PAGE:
One of the perennial questions faced by taxpayers when forming a business is whether to incorporate it as a C Corporation or to form a flow-through entity such as an LLC, partnership, or S corporation. For most small business owners, the choice thus far has been a simple one: unless non-tax related considerations weighed heavily in favor of a C corporation – e.g. ease of raising capital, centralized control, etc. – small business owners almost always favored a pass-through entity. A pass-through entity generally does not pay “entity level” taxes – and all tax consequences ‘pass-through’ to the individual owners or members in pro rata shares. A Corporation, on the other hand, first pays income taxes just as an individual would, and then the shareholders pay another tax on the same income when it is distributed to the shareholders as dividend – to the extent of Earnings & Profits. As one can imagine, the double taxation packed quite a punch when the corporate tax rate and the highest individual income tax rates were almost on par.
However, the Tax Cuts and Jobs Act of 2017 (TCJA), dropped the corporate tax rate precipitously from a maximum rate of 35% to a flat rate of 21%, while the individual income tax rate was lowered more modestly from 39.6% to 37% (at least until 2025, when it is set to expire altogether. The corporate flat tax rate is permanent). In addition, the TCJA left intact the maximum 20% rate for qualified dividends.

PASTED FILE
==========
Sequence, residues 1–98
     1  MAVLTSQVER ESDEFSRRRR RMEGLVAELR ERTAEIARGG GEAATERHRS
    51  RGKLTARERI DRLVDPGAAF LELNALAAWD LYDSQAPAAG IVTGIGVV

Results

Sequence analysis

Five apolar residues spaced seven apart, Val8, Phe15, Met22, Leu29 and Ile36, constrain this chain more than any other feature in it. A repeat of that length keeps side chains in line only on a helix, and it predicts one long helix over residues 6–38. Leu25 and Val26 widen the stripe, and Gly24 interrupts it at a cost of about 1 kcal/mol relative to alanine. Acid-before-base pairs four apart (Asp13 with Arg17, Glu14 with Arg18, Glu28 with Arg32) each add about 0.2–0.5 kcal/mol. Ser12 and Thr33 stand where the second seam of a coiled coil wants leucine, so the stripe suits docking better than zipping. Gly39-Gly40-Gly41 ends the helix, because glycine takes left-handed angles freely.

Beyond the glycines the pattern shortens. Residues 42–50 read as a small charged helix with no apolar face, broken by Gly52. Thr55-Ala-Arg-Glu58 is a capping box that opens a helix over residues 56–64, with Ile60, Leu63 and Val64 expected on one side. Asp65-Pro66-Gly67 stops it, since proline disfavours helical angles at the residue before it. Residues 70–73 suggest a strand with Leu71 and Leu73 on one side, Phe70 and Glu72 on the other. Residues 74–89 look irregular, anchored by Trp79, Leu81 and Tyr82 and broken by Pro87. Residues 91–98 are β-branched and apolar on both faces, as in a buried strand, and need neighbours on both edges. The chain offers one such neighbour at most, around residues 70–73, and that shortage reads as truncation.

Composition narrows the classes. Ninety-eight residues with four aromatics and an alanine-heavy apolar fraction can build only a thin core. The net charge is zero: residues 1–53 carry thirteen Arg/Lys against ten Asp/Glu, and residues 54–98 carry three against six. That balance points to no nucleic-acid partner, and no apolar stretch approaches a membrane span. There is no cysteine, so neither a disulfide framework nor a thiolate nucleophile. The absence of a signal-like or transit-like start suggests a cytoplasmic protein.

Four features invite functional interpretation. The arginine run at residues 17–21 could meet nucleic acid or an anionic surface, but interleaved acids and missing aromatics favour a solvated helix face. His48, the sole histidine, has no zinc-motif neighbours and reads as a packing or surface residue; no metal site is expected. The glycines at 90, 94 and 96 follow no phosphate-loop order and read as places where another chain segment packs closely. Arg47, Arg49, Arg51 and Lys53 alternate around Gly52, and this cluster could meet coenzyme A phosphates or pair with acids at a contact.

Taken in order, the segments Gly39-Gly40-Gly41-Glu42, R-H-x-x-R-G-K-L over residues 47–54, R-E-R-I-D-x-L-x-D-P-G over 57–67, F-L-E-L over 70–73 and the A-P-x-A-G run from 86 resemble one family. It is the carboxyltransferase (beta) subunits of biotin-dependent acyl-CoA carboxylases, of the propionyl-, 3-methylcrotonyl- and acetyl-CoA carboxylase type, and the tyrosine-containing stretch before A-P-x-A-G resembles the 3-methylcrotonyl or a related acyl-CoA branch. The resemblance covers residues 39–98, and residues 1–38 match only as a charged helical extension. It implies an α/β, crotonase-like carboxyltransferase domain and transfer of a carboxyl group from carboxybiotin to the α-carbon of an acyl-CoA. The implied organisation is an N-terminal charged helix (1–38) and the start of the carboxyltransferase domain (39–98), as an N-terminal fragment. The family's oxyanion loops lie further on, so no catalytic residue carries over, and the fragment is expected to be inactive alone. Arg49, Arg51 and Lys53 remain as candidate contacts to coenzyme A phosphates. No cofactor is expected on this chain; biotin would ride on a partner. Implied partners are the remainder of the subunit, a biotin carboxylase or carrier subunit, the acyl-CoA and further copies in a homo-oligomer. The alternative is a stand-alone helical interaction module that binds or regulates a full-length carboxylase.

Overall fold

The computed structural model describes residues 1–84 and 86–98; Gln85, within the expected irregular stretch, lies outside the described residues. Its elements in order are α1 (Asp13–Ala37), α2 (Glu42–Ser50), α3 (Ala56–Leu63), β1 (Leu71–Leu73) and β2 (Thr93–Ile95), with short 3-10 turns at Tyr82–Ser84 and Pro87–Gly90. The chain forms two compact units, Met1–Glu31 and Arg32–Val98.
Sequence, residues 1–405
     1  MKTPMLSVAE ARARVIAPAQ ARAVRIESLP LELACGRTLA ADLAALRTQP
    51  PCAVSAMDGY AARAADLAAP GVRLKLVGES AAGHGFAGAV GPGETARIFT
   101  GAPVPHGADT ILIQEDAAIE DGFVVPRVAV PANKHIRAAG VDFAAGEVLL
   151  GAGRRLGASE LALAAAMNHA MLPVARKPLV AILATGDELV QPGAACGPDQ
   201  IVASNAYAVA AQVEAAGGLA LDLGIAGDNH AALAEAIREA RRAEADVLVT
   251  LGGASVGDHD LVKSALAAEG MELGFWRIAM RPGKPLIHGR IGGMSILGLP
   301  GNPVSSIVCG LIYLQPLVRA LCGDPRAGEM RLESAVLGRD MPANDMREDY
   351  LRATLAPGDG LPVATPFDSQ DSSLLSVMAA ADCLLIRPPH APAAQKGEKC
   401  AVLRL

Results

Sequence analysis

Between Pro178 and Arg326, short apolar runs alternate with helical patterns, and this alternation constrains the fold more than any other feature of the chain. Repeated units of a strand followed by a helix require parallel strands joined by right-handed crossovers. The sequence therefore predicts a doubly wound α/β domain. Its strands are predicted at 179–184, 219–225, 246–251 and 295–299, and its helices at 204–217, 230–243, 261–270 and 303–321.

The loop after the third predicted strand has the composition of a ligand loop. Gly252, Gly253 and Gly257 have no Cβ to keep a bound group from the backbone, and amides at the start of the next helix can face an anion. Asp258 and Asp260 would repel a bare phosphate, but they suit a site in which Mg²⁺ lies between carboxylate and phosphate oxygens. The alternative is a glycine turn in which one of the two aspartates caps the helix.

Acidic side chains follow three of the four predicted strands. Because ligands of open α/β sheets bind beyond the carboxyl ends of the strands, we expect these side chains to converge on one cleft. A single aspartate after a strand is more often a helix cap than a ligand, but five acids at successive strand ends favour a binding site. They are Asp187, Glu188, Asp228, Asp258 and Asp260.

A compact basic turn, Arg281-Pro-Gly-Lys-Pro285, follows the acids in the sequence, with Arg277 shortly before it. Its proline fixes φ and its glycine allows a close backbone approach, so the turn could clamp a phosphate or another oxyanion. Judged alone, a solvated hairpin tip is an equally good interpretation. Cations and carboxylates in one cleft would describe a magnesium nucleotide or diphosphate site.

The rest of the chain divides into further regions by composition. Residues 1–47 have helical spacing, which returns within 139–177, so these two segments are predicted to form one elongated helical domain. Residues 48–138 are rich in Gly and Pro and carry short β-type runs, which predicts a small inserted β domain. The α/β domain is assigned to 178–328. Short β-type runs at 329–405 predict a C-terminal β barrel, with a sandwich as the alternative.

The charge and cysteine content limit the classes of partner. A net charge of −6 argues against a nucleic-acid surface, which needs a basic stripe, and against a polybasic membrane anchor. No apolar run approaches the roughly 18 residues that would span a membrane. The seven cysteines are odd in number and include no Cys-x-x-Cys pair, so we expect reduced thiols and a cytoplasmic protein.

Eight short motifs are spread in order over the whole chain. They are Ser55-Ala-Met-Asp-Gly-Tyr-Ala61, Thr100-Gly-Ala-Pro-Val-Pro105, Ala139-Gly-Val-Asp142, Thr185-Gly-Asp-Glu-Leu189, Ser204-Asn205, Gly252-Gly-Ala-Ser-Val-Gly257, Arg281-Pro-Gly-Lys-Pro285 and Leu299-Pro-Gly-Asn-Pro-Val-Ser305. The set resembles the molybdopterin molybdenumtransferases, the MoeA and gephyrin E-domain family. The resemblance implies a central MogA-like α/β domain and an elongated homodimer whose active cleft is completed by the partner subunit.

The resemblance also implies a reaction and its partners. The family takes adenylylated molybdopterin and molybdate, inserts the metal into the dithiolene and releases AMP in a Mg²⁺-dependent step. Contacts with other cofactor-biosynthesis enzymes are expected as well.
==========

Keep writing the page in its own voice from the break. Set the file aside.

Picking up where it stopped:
In practical terms, this translates into major tax savings and income sheltering opportunities for high income taxpayers. Suppose that a corporation earns income of $100 in a given year. After paying the flat corporate tax rate of 21%, it has $79 available for distribution. The distribution triggers a tax of $15.80 ($79 x 20%) and leaves the shareholder with $63.20 after tax. Thus, under the current law the maximum combined burden on distributed corporate earnings is 36.8% – which is lower than the maximum individual rate of 37%. This provides an incentive for high income taxpayers to shelter their money in a C corporation without suffering the full brunt of pre-2017 double taxation.
A C corporation may still not make sense for many business owners who qualify for §199A deduction – congress’ parallel gift to pass-through entities (albeit a temporary one, as it expires in 2025). §199A provides a 20% income tax deduction for many sole proprietorships and pass-through entities. This deduction has many exceptions and qualifiers; help from a tax professional is necessary to determine whether you qualify for it and how much you qualify for. However, if you do qualify for the full tax deduction, your tax rate is effectively lowered to a maximum rate of 29.6%.
In sum, while the TCJA makes C corporations much more attractive by drastically reducing the tax rate, a pass-through entity may still make more sense to some business owners who qualify for a part or all of §199A deduction.